Editor’s Note: This conference summary is brought to you by David Korostyshevsky, a doctoral student in the History of Science, Technology, and Medicine at the University of Minnesota. He traveled to Dwight, Illinois, in mid-July to attend the ADHS off-year “I’ve Been to Dwight” conference, and has provided this account of his time there. Thanks David!
On July 14-18, 2016, a group of international alcohol and drug historians descended upon the village of Dwight, Illinois, for an ADHS off-year conference. Conference organizers selected Dwight because 2016 marks the 50th anniversary of the closing of the Keeley Institute.
Founded by Leslie E. Keeley in 1879 (and operating until 1966), the Keeley Institute offered treatment options to patients with addiction, usually alcoholism, including Keeley’s Gold Cure. “I’ve Been to Dwight,” the conference title, references “a catchphrase” former Keeley Institute patients “used to explain their sobriety.”
To make it easier to read, this summary is organized thematically. You can see the full conference program here.
Food and Addiction
The conference opened on Thursday evening with a keynote address by Sarah W. Tracy, who addressed the transformation of food addiction from a metaphor to a diagnostic category.
This conceptual shift is informed by the emergence of neuroscience. Specifically, fMRI imaging studies suggest that some sugar and fat-rich foods activate similar centers in the brain that are engaged by addictive drugs such as cocaine. Tracy also showed that the corporate food industry has adopted many of the tactics of the tobacco industry, engineering processed food so that it is as palatable as possible to ensure consumer loyalty.
But while addiction to industrial technofood may very well be a “real” thing, Tracy urges us not to allow it to become a catchall category that distracts from other complex social issues such as public school food, subsidies for corn and soy, and urban food deserts.
Borders and Boundaries
Conference papers kicked off with a familiar theme: the significance and ambiguity of borders (be they conceptual, geographic, or temporal). Describing Canada’s nineteenth-century temperance laws, Dan Malleck demonstrated the fuzzy, difficult-to-legally-define boundary between leisure drinking and the medicinal use of alcohol. Andrae Marak spoke about literal borders, concluding that smugglers and the state exist in a symbiotic relationship that continues to ensure unceasing cross-border drug flows.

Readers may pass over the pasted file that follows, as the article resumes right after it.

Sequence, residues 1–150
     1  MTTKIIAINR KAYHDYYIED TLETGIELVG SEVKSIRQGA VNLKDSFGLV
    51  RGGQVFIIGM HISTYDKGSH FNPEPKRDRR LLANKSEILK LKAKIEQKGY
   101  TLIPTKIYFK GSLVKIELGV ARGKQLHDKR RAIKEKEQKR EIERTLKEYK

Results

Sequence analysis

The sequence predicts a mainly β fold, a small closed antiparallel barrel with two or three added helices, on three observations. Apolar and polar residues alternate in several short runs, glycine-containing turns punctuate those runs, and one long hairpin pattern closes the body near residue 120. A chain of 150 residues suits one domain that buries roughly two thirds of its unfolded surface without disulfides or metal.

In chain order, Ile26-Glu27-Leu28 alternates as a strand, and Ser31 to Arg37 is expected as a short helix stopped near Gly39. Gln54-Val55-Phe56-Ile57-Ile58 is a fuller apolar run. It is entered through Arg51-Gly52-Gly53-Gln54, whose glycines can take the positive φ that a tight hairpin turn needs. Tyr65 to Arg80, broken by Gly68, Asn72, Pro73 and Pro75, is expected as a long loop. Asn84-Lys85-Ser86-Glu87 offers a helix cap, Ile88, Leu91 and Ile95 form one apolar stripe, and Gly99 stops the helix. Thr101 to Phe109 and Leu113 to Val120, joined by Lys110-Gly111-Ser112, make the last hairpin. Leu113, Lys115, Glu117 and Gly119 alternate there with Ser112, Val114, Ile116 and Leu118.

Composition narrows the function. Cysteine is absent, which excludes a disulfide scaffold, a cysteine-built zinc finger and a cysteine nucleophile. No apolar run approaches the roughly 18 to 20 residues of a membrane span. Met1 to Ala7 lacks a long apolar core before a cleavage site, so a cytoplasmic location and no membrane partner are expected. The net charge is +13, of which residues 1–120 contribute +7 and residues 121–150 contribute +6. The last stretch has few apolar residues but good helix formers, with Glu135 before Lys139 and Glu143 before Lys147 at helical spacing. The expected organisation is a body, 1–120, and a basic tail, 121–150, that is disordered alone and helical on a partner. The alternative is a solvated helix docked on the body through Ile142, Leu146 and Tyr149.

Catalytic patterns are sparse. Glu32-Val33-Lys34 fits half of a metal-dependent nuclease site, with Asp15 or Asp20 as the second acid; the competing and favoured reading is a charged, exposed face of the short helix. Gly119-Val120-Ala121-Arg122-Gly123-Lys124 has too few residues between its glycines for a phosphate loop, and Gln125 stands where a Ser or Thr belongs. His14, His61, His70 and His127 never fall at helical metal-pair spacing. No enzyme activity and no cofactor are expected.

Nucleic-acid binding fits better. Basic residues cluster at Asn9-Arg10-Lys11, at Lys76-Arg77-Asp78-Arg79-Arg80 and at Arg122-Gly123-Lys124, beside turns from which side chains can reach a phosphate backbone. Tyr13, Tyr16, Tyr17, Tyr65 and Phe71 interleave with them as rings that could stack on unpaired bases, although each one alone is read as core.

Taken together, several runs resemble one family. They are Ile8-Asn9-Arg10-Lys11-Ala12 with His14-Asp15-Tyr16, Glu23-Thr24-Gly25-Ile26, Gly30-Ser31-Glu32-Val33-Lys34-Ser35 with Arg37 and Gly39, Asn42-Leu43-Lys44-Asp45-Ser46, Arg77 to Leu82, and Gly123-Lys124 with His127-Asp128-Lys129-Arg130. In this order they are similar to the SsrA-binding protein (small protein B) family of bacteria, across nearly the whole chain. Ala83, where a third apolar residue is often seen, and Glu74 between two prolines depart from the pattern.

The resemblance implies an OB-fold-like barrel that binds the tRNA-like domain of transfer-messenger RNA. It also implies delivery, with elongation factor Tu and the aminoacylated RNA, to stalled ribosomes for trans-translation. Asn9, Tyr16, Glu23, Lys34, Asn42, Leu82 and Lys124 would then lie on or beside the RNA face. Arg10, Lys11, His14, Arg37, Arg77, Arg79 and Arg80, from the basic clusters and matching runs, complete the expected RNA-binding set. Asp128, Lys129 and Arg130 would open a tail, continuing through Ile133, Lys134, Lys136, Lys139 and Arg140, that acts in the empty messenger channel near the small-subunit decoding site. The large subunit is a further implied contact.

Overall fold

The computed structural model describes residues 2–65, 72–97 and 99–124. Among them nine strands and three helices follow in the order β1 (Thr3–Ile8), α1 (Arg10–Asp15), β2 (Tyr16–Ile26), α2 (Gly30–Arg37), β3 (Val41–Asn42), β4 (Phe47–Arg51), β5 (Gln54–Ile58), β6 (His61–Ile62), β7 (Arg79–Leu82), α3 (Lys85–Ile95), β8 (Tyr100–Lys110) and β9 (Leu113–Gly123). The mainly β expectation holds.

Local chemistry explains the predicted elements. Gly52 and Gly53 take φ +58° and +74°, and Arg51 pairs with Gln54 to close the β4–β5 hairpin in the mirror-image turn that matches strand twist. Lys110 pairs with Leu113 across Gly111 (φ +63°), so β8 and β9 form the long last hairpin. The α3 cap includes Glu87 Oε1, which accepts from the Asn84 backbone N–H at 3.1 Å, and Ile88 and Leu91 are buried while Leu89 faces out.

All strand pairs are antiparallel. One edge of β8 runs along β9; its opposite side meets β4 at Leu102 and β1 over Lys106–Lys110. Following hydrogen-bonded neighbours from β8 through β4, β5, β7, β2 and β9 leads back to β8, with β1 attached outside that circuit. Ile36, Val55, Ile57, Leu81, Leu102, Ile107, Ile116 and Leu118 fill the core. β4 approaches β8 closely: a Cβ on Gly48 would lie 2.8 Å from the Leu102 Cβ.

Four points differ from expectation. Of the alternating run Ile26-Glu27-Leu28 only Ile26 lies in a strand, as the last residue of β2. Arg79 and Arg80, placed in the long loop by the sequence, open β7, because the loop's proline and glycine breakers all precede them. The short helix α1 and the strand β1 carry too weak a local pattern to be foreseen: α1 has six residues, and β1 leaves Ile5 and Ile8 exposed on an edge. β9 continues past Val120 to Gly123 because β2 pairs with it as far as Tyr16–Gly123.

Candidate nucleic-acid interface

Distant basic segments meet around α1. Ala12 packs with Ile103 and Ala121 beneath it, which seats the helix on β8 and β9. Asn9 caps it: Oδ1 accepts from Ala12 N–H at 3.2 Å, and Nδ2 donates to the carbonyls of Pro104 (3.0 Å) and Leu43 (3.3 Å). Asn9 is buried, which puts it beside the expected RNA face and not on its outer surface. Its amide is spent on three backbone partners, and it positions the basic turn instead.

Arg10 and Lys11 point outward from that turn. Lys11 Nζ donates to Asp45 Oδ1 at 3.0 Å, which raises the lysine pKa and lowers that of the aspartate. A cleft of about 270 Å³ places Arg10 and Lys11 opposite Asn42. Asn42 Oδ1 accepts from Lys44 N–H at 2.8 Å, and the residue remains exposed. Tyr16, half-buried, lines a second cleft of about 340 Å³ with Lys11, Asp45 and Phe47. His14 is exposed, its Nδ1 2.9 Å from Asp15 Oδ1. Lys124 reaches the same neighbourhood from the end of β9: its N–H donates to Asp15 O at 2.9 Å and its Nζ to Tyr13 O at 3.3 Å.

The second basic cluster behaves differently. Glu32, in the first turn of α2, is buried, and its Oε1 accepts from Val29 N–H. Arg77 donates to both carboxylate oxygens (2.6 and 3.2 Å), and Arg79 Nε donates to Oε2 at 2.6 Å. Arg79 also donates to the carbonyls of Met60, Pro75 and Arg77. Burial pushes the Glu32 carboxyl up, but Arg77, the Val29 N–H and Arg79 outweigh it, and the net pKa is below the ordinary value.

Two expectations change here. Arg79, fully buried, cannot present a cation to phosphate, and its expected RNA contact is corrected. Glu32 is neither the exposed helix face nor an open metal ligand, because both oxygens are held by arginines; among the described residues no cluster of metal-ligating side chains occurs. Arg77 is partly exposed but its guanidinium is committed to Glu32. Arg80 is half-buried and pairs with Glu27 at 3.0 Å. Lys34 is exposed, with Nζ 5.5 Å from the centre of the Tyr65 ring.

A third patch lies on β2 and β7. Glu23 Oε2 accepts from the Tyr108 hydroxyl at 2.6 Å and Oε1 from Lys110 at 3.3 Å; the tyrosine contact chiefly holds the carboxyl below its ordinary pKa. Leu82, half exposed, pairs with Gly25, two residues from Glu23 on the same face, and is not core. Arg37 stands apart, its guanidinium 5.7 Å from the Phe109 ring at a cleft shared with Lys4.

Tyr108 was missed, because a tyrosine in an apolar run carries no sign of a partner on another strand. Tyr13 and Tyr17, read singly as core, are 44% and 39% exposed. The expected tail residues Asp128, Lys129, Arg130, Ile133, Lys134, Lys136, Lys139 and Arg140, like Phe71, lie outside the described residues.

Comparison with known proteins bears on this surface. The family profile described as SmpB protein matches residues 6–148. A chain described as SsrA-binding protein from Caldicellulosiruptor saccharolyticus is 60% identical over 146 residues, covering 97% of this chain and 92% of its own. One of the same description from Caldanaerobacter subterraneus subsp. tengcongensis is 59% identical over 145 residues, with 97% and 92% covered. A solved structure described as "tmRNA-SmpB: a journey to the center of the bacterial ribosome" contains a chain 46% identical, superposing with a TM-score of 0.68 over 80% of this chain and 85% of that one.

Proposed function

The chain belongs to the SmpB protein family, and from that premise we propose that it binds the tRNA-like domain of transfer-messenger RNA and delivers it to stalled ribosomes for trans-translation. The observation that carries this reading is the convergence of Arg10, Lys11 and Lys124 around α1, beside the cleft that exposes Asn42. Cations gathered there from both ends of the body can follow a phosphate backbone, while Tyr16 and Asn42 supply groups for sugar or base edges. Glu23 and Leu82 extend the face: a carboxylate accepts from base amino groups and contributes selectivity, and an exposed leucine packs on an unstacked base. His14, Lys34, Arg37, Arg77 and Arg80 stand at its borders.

Drug use practices also blur lines separating different substances, aptly illustrated by Alexandre Marchant’s discussion of multiple drug use in France during the 1960-70s. French lawmakers, law enforcement, and medical professionals were challenged by polyaddiction as they considered the needs both of individual addicts and society.
Papers by David Korostyshevsky and Elizabeth Kelly Gray examined the relationship between alcohol and opium in nineteenth-century American temperance discourses. According to Korostyshevsky, many temperance writers regarded alcohol and opium as similarly threatening intoxicants. Meanwhile, Gray revealed that as temperance agitation made drinking disreputable, some drinkers switched to secret laudanum use, the growing awareness of which posed “a hard lesson for temperance men.”
Intoxication, Addiction, and Gender
The importance of gender was also a prominent theme of conference scholarship. Michele Rotunda showed that the emphasis of domestic violence in Washingtonian narratives reflected the reality of nineteenth-century drinking in America.
Papers about the American South also resonated strongly with the running theme of gender. James Hill Welborn III argued that drinking was one of the contexts in which Southern honor and manhood was defined, while Sarah Lirley McCune found that class and gender determined whether a woman’s alcohol-related death was ruled due to dipsomania, a more sympathetic medical category than intemperance.
Other papers in which gender figured prominently were Andrei Guadarrama’s study of women’s drinking in revolutionary Mexico, Thora Hand’s look at a late-Victorian moral panic about women drinking tonic wines, and Colin Eager’s work on the early-1980s emergence of Mothers Against Drunk Driving.
“Not for the Squeamish”: Gender, Addiction, and Big Data
A Saturday-morning roundtable panel, advertised as “Not for the Squeamish,” urges historians and scientists to collaborate more closely. Moderated by Nancy D. Campbell, panelists explored multi-, inter-, and trans-disciplinary approaches to studying addiction.
The participants, all from the University of Michigan, included historian Michelle McClellan, neuroscientist Jill Becker, professor of social work Beth Glover Reed, and M. Leonora Bowden, a nurse and medical practitioner. Each member of the group brought a particular area of expertise to bear on a larger project to glean knowledge about addiction, gender, and families from big data sets generated by the Michigan Longitudinal Study.
Important scientific concepts with which the panel engaged include neuroplasticity, brain imaging, and epigenetics. It was especially fascinating to hear how each member of the group, each coming from vastly different professional worlds, gradually learned to understand one another’s assumptions, methods, and approaches to a common problem.
The Role of Science